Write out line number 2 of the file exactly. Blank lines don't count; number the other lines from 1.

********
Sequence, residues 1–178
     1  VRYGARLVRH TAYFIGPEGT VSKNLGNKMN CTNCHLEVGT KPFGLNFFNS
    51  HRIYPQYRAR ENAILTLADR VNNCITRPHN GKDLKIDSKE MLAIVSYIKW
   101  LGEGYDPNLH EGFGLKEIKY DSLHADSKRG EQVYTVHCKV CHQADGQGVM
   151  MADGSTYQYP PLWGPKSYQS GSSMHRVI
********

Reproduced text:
     1  VRYGARLVRH TAYFIGPEGT VSKNLGNKMN CTNCHLEVGT KPFGLNFFNS